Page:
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HOME > Classical Novels > A Traitor in London > CHAPTER XXII. AT THE FRONT.
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Van Zwieten\'s sins had evidently made no difference in his fortunes. He appeared to be flourishing like the proverbial green bay tree. He was dressed in a smart riding suit, with long brown boots, and a smasher hat of the approved Boer type. Quite unabashed at sight of Brenda, he crossed the road with an impudent smile and held out his hand. She shot one glance of indignation at him, and drew aside as though to avoid contact with an unclean thing--a proceeding which appeared to cause the man some shame, although he tried to assume an air of unconcern and amusement.

"You won\'t shake hands with me, Mrs. Burton?" he said, quite jauntily.

"How dare you speak to me?" she said, drawing back. "I wonder you are not ashamed to look me in the face after that trick about the letter."

"Ah! that was what the Boers call \'slim,\'" he said, wincing, nevertheless, at her open contempt for him. "All\'s fair in love and war, you know, but your husband has been rather in advance of himself on this occasion, and the plot has failed. Yes, you see I admit that it is a plot, and I admit that it has failed."

"I have nothing to say to you," said Brenda, coldly, "except to tell you that if you attempt to molest either my husband or myself further I shall have you arrested as a spy."

He looked uneasily down the road and at the stern, set faces of the passing soldiers. He knew that from such men as they he might expect precious little mercy once the word spy had gone out against him, followed by damning evidence of his complicity. Boer treachery had to be avenged; there had been plenty of it about, and he did not fancy being a scapegoat for others.

"My dear Mrs. Burton," he went on calmly, "I wonder you spare me at all. Why not have me arrested now and have done with it? I am completely in your power, am I not? You have but to raise your voice and the thing would be done. Indeed, I am not at all sure that I should reach the jail alive. They hate spies here, and it is true they have good reason to. You may not have such a chance again, so cry out upon me now and revenge yourself on me once and for all for my crime--my crime of loving you."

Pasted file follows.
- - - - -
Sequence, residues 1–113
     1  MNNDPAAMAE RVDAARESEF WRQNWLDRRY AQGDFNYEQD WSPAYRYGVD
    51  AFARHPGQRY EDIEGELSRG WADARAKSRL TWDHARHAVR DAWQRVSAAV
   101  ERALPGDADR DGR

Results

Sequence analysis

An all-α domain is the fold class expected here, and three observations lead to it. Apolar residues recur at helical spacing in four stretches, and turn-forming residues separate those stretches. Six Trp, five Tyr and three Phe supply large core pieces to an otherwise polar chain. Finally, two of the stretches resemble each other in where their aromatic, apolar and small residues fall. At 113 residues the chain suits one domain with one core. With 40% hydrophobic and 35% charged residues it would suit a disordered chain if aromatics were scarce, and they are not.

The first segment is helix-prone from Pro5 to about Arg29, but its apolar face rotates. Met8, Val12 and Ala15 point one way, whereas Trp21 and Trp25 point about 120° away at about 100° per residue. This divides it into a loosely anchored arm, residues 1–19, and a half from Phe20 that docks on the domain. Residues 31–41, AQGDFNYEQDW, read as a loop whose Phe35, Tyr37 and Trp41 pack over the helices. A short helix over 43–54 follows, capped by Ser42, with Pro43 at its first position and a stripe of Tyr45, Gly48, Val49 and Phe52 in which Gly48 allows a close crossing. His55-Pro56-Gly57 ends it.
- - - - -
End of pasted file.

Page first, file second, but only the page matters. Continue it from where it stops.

"No, I will not," replied Brenda, firmly; "but I give you fair warning, Mr. van Zwieten, that if you do not leave this place immediately I shall at once inform the authorities about you. In luring me to Pretoria you made one mistake; you thought I should come unprepared. I did no such thing. I have ample evidence with me to prove that in London your occupation was that of a spy. Lady Jenny gave me the papers."

"I\'m very much obliged to Lady Jenny, I\'m sure," he said, with a bow. "At Pretoria--for Oom Paul--you could hardly have brought credentials calculated to speak more highly in my favor. He would be quick to appreciate my services."

"Why did you wish me to come to Pretoria? You know I am married."

"Yes, I know you are married; but marriage can be severed as all else is severed--by death," he said significantly. "If you had come to Pretoria--but there is no need to talk about that," he broke off impatiently. "I was duly informed that your husband was missing, but he escaped before I could reach the Tugela and myself take him to Pretoria, where he would have been completely in my power. I wrote the letter thinking you would really find him there. But he escaped and got your telegram--the one you sent to Wilfred Burton. I followed him down here, and learned how he intended to intercept the Kaiser Fritz. You see I am well informed, Mrs. Burton."

Brenda was astonished at the extent of the man\'s knowledge and the dogged fierceness with which he seemed to follow her and Harold. She wondered if it would not be wise to have so dangerous an enemy arrested at once. But the thought of Lady Jenny and the shame which it would bring upon her through the deeds of her late husband--which Van Zwieten would assuredly reveal in such a contingency--prevented her from deciding upon so severe a course. Later on she had reason bitterly to regret that she had not acted upon her first impulse. Had she done so it would have saved both her husband and herself endless trouble. Van Zwieten half guessed what was in her mind, but he made no move, and seemed quite content to abide by her decision. There was even a smile on his face as he looked at her. Villain as he was, his courage was undeniable. The pity was that such a virtue should not have been linked to others. But then that was the man all over. He was a belated Conrad the Corsair. "A man of one virtue and ten thousand crimes." Yet another virtue might be added. He loved Brenda, and he loved her honestly.

"I see you know your business as a spy, Mr. van Zwieten," she said coldly. "But all your work is thrown away. If you succeeded in killing my husband, as you seem anxious to do, I should kill myself!"

Van Zwieten turned a shade paler. For once he was moved out of his attitude of sneering insolence. "No, no," he said hoarsely, "do not think of such a thing! I won\'t harm your husband, on my honor----"

"Your honor! The honor of a spy?"

"The honor of a man who loves you!" he said with some dignity.